Very few investors will look back at 2022 with any fondness but are there grounds to be more hopeful in the year ahead?
2022 was characterised by escalating geopolitical risk and central banks raising interest rates aggressively to try to tame runaway inflation. Both weighed heavily on investor sentiment, triggering bouts of volatility and deep falls for stocks and bonds. Global stocks declined 19% and UK government bonds fell 25%. Growth and technology stocks suffered even more and the Nasdaq lost 33%.
Heading into 2023, these are all still clear and present concerns for investors. There are no signs of a ceasefire in Ukraine, Taiwan has extended its compulsory military service amid growing tensions with China and central banks will hike interest rates further to bring down inflation.
Against this backdrop, the economic outlook for the year ahead is pretty bleak. Interest rate hikes take time to take effect and will slow economic activity further. Futures markets are pricing in the Bank of England increasing interest rates to 4.75% by the summer and the US Federal Reserve to get to 5% earlier in the year. Recessions in the UK and Eurozone are inevitable and the US economy will also likely contract in 2023. The US government bond yield curve has already inverted, typically a harbinger of recession.
Recessions mean job losses. Companies including Amazon, Goldman Sachs and Twitter have already revealed plans to lay off thousands of workers. Even those in work are also feeling the pinch from inflation and higher borrowing costs. Savings built up during the Covid lockdowns have been exhausted and spending on discretionary consumer goods and services, including holidays, eating out, entertainment and big-ticket items, will be lower.
This will hit corporate earnings and many companies will have less pricing power to pass on higher input costs, putting pressure on margins. However, markets are forward looking and the deep drawdowns experienced last year reflect that investors are already pricing in recession. The blue-chip S&P 500 index fell 19% in 2022, bringing down its price earnings ratio from 26 at the start of last year to 18. Stock valuations are much cheaper than they have been.
At the same time it is difficult to see a meaningful recovery until there is more visibility on when central banks will stop hiking interest rates. For this to happen, we will need to see more evidence of slowing inflation and weaker economic activity, especially higher unemployment. Somewhat counterintuitively, markets will likely rally on any weak economic data reports in anticipation that they will bring forward the end of the interest rate hiking cycle.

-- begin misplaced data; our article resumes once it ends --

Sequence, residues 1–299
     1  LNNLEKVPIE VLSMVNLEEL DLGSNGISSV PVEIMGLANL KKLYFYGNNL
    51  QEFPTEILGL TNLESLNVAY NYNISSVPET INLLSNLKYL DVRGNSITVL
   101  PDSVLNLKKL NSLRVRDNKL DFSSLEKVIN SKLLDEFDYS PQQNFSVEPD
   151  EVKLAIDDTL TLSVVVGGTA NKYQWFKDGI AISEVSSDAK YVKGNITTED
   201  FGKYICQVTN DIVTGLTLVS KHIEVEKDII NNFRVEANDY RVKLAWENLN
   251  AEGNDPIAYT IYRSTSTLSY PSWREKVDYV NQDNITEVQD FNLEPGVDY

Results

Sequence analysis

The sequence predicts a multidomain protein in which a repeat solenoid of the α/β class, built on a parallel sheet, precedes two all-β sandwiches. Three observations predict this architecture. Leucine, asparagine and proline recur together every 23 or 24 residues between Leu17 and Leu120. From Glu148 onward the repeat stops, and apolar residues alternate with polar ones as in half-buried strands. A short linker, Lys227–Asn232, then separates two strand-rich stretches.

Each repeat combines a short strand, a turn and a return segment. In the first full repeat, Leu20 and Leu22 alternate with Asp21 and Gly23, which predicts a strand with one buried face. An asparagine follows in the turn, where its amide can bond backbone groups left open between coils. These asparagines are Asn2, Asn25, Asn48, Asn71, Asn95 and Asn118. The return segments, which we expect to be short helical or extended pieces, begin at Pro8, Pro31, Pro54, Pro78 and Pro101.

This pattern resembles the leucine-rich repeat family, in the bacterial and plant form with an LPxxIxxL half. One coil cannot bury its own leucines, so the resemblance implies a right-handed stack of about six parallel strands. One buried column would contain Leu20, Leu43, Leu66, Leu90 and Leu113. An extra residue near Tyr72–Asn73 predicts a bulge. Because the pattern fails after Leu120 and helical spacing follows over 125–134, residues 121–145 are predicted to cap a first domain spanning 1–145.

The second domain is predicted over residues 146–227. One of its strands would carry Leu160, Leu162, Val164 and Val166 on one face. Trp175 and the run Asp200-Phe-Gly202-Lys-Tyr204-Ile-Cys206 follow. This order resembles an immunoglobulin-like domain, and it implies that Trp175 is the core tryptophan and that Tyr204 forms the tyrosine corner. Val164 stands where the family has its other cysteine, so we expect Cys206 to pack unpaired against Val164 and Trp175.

Until then we prefer to invest in good quality companies with more dependable profits and cash flow. Companies with strong balance sheets and pricing power should outperform. Many of these companies will be found in the healthcare and consumer staples sectors. When there is some visibility on when central banks will pivot, it should provide a better opportunity to rotate into technology and growth stocks.
Emerging market equities have underperformed developed markets for two straight years on the back of the surging US Dollar, China’s zero-Covid policy and risk aversion across asset classes. However, any stabilisation, or depreciation, of the Dollar, China’s re-opening and a widening economic growth gap over developed markets should provide some tailwinds for emerging markets this year.
After a tumultuous 2022, we also expect a rebound in bond markets as economic activity and inflation slow in 2023. Government and investment grade corporate bond yields are the highest they have been more than a decade and they can regain their status as a safe haven asset in portfolios. We prefer to own good quality investment grade corporate bonds which provide an attractive yield above government bonds. The average GBP investment grade corporate bond now yields 5.75% compared to just 2% at the start of last year.
Top of the list of asset classes we will avoid is property. Higher borrowing costs and the squeeze on incomes will have a big impact on affordability and we expect to see a correction in house prices. The outlook for commercial property looks even more challenging. In addition to the headwinds of higher interest rates, a recession will claim many casualties, especially in cyclical sectors such as retail and hospitality, leaving more premises vacant.
(Cover Image Source: Maciek Sulkowski)